Robert Drewe says he’s a dog lover, but there’s limits. And they’re being stretched…
In my day I’ve owned intelligent, obedient, affectionate and adventurous dogs. I’ve also known lolloping, disobedient, crazy dogs that were as dumb as a bag of hammers. Once I even wrote a book about a beloved dog. So before your hackles rise, let me say that I’m a dog lover.
Nevertheless, we’re stretching a friendship these days, we humans and dogs. Have there ever been so many dogs in public places and underfoot – their leashes entwined around café table and chair legs — in spots meant for human activities? Even for food consumption?
On that point, when did “walking the dog” change from one or two kilometres of exercise at the park or beach to 50 metres through a crowd of shoppers on the footpath on Saturday morning — from the car to the cafe?
Another question. Why the fascination with weirdly-designed genetic experiments that are cutesy variations on the poodle? To look at, some of these doodle dogs remind me of the alien bar scene in Star Wars. And cialis don’t get me started on women with fashion-accessory dogs (doglets, really). How degrading for the wolf’s first cousin to be carried in a handbag!
But creepiest question of all: Why do so many people want a fur baby anyway?
Designer dogs are comparatively recent. In my childhood, back when dogs were animals, the only exotic ones were Old English Sheepdogs, Afghans and Dalmatians. Fox Terriers, usually fat and threadbare, belonged to old codgers in pubs. Old ladies had Silky Terriers and an occasional Pekinese or Corgi. German Shepherds (we called them Alsatians) were feared for their alleged savagery. Cattle dogs were mistrusted because they ran from behind to nip you as you walked to school. (Those were the days of walking to school, too. How yesteryear can you get?)
Family dogs always had a dash of Kelpie and assorted bits and pieces. They were allowed on the street without a leash. You’d see them on TV displaying their lovable personalities by running onto the pitch and disrupting a Test match or football game or Royal visit. They enjoyed a solemn ceremony and were hard to catch. For some reason they were always black dogs.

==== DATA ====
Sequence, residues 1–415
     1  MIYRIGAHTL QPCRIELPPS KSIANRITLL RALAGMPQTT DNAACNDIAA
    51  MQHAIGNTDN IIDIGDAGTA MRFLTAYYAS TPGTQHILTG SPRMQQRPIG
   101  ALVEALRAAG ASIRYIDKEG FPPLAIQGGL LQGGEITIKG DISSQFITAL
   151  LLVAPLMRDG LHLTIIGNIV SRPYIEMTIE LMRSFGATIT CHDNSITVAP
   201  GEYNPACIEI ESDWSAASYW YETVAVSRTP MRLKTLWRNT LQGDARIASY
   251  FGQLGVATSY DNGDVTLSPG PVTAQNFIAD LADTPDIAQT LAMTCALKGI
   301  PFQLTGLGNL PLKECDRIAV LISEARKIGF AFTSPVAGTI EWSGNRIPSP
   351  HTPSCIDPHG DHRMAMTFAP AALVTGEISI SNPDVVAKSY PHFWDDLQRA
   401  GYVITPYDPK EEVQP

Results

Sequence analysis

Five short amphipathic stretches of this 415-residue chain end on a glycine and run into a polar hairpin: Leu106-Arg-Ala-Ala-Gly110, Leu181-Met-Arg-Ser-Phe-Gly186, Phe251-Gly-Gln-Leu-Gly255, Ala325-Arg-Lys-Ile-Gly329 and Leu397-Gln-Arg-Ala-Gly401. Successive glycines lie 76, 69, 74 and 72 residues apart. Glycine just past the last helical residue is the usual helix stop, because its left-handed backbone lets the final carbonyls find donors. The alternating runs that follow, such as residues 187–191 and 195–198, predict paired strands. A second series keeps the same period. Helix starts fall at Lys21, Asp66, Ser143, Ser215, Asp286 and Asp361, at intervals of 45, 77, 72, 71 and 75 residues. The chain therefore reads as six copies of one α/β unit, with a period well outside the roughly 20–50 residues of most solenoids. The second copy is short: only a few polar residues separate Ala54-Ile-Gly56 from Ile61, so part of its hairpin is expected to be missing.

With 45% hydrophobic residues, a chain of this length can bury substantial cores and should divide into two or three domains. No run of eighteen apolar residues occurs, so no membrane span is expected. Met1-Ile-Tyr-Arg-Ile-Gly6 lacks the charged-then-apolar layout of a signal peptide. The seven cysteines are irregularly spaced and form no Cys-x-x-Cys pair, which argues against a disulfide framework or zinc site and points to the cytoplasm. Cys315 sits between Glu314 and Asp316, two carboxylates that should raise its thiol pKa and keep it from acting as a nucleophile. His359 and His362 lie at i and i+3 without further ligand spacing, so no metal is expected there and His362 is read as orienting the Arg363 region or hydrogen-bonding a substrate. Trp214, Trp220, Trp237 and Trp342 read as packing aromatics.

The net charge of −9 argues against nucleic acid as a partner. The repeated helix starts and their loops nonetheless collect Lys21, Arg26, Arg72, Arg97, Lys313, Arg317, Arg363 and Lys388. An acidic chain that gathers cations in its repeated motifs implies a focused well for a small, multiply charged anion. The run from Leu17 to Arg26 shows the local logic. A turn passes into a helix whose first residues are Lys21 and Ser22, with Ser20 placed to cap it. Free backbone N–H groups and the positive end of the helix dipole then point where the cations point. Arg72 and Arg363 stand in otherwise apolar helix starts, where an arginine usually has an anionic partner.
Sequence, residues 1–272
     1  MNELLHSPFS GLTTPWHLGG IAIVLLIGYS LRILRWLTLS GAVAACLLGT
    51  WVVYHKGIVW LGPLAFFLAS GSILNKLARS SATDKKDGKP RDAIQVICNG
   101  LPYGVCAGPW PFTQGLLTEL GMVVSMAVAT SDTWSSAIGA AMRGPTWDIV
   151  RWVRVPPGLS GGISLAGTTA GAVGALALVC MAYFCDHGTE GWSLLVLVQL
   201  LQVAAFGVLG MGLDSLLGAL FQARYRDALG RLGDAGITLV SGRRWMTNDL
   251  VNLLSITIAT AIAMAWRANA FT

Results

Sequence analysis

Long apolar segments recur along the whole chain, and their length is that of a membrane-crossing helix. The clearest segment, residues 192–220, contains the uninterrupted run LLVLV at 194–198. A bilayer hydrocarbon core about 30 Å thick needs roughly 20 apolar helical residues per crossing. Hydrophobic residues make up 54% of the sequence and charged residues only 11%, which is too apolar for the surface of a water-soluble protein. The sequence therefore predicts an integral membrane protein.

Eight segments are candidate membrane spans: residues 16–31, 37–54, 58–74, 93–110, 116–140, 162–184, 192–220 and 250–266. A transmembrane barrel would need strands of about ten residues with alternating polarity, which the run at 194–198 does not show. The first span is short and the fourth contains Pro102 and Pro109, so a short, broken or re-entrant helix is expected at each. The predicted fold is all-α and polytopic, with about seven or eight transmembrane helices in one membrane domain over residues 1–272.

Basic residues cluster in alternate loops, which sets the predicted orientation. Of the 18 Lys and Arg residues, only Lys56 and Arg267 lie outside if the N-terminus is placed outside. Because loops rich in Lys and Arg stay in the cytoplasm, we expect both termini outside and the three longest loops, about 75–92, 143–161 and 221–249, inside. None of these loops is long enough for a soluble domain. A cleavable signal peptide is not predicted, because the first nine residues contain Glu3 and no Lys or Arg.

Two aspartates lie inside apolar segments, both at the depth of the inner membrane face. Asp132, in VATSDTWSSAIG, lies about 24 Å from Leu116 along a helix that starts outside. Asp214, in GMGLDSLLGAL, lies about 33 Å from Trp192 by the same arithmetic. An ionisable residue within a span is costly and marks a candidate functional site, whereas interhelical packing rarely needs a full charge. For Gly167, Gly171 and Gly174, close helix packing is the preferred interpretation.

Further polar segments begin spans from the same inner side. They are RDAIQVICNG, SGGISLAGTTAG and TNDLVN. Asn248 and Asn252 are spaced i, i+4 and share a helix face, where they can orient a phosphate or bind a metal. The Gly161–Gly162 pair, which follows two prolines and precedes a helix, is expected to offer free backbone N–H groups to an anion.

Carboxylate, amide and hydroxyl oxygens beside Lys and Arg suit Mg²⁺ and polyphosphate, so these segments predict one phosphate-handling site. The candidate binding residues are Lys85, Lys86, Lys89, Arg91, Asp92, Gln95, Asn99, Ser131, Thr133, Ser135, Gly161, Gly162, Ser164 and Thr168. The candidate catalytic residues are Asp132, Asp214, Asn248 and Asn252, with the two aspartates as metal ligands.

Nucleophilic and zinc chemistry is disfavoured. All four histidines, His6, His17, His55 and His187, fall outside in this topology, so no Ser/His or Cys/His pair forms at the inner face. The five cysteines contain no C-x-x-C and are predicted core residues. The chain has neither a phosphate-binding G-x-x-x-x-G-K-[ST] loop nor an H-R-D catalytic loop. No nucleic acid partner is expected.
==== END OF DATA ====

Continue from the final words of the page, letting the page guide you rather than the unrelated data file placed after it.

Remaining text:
Black dogs were the only ones to disrupt important events, but we kids had another scientific rule that applied to all dogs’ behaviour: Pointy ears, bites. Floppy ears, stupid.
Faithful companions, family dogs followed you on your bike, and waited outside the school till home time. They roamed the suburbs with doggy friends and chased cars if they felt like a run, and defecated at will. (Doggy-poo bags? Are you kidding?) Until 2012, however, dogs weren’t allowed into shops or cafes, which displayed signs forbidding them.
Somewhere along the line, perhaps when local councils tightened up rules about stray and unfenced dogs, the average suburban dog ceased to be just another outdoor knockabout kid and turned into a feminised indoor doll-animal. (This caused macho chaps of the biker persuasion to react by breeding dogs they thought captured the essence of their complex personalities. Hence the pit bull.)
If there was any doubt about how much Australians love pets, consider this statistic: more of us live with a dog or cat than with a child; 50 per cent of Australians share a house with at least one dog and/or cat (of those pets, 38 per cent are dogs and 23 per cent cats.) Whereas only 35 per cent of us live with one child or more aged under 16, most of them eventually house-trained.
Australians spend $12 billion a year on pet food, grooming, vet fees and insurance for their animals, making the pet care industry a major growth area.
Interestingly, the fascination with poodle mixes doesn’t extent to pure poodles. Presumably, if the poodle mix is chosen because poodles are intelligent and don’t shed hair, a pure-bred poodle should have it all over the Labradoodle or whatever for smartness and hair retention. But, no, everyone wants one of the 150 doodle dog variations (at $2000 a pup) on the market.
So we now have such appallingly named dogs as the Jack-a-Poo (Jack Russell and poodle); Schnoodle (schnauzer and poodle); Pooghan (Afghan and poodle); Cocker-Poo (Cocker spaniel and poodle); Bossy-Poo (Boston terrier and poodle); Irish Doodle (Irish setter and poodle); Golden Doodle; (Golden Retriever and poodle), Rottle (Rottweiler and poodle); Poogle (Beagle and poodle); and, my least favourite, the Daisy Dog (Bichon Frise, ShihTzu and poodle).
So what to do if your naughty Bossy-Poo or Cocker-Poo or Jack-a-Poo or Pooghan poos on the carpet? I don’t think the old tap with a rolled-up newspaper would work as punishment. I suggest a delicately furled Vogue or Gourmet Traveller magazine.
For more information on Robert Drewe’s latest novel, Whipbird, and his other books go here: penguin.com.au/authors/robert-drewe